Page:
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Five SA athletes in Games action on Sunday
- Updated: July 26, 2014
By Mark Etheridge
Team South Africa’s track and field campaign gets into action on Sunday with athletes involved in three events at Hampden Park.
The day’s action starts at 2.30pm local time when the 100m athletes take part in qualifying heats, nine in all. Then there’s the shot put qualifying and Juanelie Meijer will be the only one, of the five SA para-athletes, taking part on Sunday.
She goes off in the T38 long jump event.
Team manager Brandon du Plessis was upbeat about the team as he wound up final preparations at the athletes’ village on Saturday.
‘It’s all good, we had a nice practice today and the team are coming off a nice training camp at the SA base in Gemona, Italy. Only Simon Magakwe was a bit late because he came from competition in Europe.’
All three of the sprinters, Magakwe, Akani Simbine and late addition Ncinci Titi had pre-competition haircuts in the village salon … to shave off those extra seconds on the track perhaps?
‘Simon is in good shape and if he brings his A game will be looking to make the final as will Akani,’ says Du Plessis. ‘And Ncinci, who will run the relay events, is only 20 years old so this will also be a great learning curve for him.’
In the nine heats, the first two in each heat go through automatically and then the next six fastest.
In the shot put, big-boy Cremona will have to throw 19.90m to qualify automatically and the first 12 athletes progress into the final.
‘I’m feeling good. There are obviously always a few niggles, it’s the nature of the game but I always throw better in competition than in training so that’s a good thing,’ said Cremona. ‘I just hope the weather stays like it is.’
Cremona wears bib No 2094 and joked that ideally he’d like to match his competition number with an effort of 20.94 on the day.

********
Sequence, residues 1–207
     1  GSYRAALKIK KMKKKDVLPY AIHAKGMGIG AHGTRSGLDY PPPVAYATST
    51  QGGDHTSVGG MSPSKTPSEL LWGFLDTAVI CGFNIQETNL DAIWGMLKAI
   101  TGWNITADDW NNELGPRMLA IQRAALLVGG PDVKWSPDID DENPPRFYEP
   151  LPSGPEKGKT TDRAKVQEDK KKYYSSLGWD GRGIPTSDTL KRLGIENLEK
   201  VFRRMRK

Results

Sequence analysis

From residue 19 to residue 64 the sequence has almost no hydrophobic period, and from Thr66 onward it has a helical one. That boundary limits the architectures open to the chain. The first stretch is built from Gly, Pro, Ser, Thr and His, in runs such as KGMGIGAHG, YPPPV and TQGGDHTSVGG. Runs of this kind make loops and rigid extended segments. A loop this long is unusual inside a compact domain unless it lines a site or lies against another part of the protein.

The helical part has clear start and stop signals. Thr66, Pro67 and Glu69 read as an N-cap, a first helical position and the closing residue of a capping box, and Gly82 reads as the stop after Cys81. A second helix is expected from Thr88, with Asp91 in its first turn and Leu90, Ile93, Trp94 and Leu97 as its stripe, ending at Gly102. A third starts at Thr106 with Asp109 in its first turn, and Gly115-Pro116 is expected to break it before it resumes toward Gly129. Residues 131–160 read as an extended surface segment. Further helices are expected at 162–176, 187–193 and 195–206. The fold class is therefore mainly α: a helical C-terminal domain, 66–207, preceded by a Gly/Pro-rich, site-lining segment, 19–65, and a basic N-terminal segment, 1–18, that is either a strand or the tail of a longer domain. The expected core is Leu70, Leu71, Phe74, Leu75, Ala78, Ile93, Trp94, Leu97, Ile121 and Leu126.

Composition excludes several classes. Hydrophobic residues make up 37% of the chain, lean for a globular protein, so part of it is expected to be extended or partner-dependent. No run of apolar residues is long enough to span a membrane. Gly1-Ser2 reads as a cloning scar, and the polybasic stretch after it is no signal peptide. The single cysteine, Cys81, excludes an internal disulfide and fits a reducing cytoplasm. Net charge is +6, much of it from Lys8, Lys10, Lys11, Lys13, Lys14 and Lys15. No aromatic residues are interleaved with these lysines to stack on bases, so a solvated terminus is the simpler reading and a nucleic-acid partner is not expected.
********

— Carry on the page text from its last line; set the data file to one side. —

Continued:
Du Plessis says that Olympic governing body SASCOC had worked on a figure of eight medals for the athletics contingent at these Games (the last Games in New Delhi delivered five medals to the team coffers).
‘But we have chatted among the team and we know athletics owes the country big time so we are quietly confident of doing better than in New Dehli and double figures would be great.’
As for Meijer, this is her first international multicode event.
‘She’s only 17 but a very confident young person,’ said para-track coach Suzanne Ferreira of the bubbly blonde Bloemfontein athlete.
Meijer is classified in the T38 category (cerebral palsy) and her classification means she has the least disability in this category.
She has competed at the 2011 and 2013 IPC Athletics World Championships but this is her first major multicode event.
‘She’s on a nice upward curve which is good,’ says Ferreira. ‘She’s ranked fourth in the world now so if she continues that form she may well go close to the medals. She had a small hamstring niggle in Gemona but the physios say it will all be good.’
The key to Meijer’s success, as in most of the cerebral palsied athletes’ cases will be to manage her excitement levels.
‘The trick will be to use it to good effect and channel it into her performance,’ says Ferreira. ‘She’s nice and confident, hasn’t missed any training sessions, which all amounts to a big plus!’